The plot they developed for this adaptation of the best-selling game, which I remember playing a great deal all the way back in high school, is a straight rip-off of Enter The Dragon with the evil Shang Tsung (played by the indomitable Cary-Hiroyuki Tagawa) arranging an inter-dimensional tournament on his island, which is all a front for him to feed on the souls of beaten warriors. Who are our heroes? There is Sonya “I work alone” Blade (Bridgette Wilson), a Britney Spears lookalike CIA agent with an extreme pout and attitude to burn, but who looks really uncomfortable holding a gun or engaging in any of the fight scenes. There is also Johnny Cage (Linden Ashby), a Jay Mohr type who talks like a sitcom character with self-aware dialogue like “This is the part where you’re supposed to fall over” and keeps complaining about his luggage and breaking his three hundred dollar pair of sunglasses and generally conforming to the Hollywood asshole actor stereotype he’s playing. Finally there is Liu Kang (Robin Shou), a doppelganger for Bruce Lee with his exposed pecs and black pyjama pants, but is defined by his feathered, blow-dried 1990s hairdo. Basically the 2D polygons that were featured in the game had more dimension than these characters.

The pacing of Mortal Kombat is pretty sluggish. All of the dialogue is exposition heavy like a soap-opera (“Princess Katana?” “Yes, the Prince’s adopted daughter” or “You killed her partner, didn’t you?”) that sets up who is who and what is happening within the first ten minutes. And YET there are countless scenes of characters talking to each other that go nowhere since there is no intrigue or complexity that can be developed with the plot. I was impatient like a thirteen year old boy who this film was aimed at - GET TO THE FIGHTING ALREADY! Once they do, it’s the slow and dull Hollywood version of martial arts before The Matrix made everyone hire Woo-ping Yuen to choreograph their fight scenes. What makes the fighting come alive is that the filmmakers continually score it with dated mid-1990s Eurotrash trance music, which basically resembles every one hit wonder dance hit from the time, such as 2 Unlimited’s ‘No Limit’ or Sash’s ‘Adelante.’ Apart from this, Mortal Kombat’s best moments are when the director pushed a close-up into a character whenever they uttered one of the trademark catchphrases from the video game to the delight of fanboys everywhere: “Fatality!”, “Finish him!” and “Flawless Victory” are all said in the movie. Funniest of all is the mask clad, yellow vested Scorpion whose looped-in dialogue sounds directly lifted from an arcade game and is basically a series of commands towards his opponent’s movements (“GET OVER HERE!”). The vivid brutality of the video game, what with all the spines being ripped out and such, is toned down for a general audience so the worst thing you is an exploding skull that wouldn’t look out of place in The Goonies. There is also Goro, the monstrous Kombatant, who looks like a big piece of poo but with four arms sticking out the sides and whose special secret combo death movie is to basically club a guy over the head with his fist. Yet his secret weakness, which is exposed by Johnny Cage in one key fight, is that Goro does not like having his cock punched.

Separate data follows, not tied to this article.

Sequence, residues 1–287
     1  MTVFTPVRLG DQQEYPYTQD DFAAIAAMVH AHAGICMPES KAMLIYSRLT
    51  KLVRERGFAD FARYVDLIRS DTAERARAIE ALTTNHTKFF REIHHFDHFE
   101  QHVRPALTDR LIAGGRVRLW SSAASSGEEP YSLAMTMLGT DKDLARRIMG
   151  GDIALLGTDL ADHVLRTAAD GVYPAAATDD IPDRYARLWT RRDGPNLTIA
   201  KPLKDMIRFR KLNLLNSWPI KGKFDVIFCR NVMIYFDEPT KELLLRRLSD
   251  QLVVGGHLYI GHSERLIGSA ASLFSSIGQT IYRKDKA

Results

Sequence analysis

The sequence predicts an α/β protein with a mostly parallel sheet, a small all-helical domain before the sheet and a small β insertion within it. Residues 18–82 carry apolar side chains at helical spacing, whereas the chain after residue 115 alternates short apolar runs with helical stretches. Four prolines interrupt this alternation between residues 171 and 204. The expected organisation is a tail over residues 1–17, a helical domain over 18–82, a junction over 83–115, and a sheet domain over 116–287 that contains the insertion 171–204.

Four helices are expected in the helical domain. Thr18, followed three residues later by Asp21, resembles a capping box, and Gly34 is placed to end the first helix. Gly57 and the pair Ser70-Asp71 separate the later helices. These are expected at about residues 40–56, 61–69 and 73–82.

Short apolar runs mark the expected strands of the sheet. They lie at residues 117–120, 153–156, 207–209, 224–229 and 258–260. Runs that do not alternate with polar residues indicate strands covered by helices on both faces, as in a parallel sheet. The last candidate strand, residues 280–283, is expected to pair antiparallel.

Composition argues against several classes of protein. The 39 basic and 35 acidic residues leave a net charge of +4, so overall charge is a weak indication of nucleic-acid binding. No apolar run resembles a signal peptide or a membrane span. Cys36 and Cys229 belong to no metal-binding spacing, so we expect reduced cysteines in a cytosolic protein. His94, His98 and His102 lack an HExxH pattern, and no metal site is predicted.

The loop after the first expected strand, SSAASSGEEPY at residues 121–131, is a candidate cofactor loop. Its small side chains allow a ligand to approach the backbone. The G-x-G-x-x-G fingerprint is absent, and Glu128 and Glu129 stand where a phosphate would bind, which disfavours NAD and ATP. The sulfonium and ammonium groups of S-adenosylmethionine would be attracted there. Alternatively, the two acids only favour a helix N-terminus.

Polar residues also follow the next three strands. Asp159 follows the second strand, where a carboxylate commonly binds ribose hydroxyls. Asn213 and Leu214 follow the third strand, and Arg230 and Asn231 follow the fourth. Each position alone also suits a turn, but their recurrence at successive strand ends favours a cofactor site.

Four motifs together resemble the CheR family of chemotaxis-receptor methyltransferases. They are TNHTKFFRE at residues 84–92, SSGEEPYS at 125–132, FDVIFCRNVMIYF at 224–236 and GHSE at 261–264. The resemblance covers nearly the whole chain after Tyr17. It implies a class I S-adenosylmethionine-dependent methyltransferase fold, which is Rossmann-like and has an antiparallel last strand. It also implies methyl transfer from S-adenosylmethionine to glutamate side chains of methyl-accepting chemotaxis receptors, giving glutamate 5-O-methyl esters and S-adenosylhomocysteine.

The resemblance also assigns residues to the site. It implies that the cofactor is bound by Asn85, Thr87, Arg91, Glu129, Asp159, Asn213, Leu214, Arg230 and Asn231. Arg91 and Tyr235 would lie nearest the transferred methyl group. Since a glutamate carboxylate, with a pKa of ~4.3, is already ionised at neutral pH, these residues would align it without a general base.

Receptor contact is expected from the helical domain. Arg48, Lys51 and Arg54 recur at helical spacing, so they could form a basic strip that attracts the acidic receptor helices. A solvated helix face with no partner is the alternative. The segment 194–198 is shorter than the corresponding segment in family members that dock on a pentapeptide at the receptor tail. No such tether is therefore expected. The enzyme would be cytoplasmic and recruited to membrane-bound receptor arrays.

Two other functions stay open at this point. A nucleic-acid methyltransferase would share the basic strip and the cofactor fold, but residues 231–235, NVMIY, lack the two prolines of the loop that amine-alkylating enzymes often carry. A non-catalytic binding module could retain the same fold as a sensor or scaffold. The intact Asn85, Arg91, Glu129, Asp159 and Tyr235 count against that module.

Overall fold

Best of all is Christopher Lambert as Lord Rayden who with his long-white hair accentuates his whiteyness as a Japanese God. I’m sure the producers cast him in order to invest their movie with a little bit of Highlander magic. Rayden is basically the Obi Wan character who keeps popping up and advising the three heroes that they are fighting for the fate of their world, using ominous lightning to emphasise his points, and, when needed, can change himself into Proton-Pack Light Stream Light Show in order to confuse and dazzle opponents. Actually Lambert’s best schtick is offering a lame line like “I don’t think so” and giving a trademark cackle, which he does about fifty times over the course of the movie.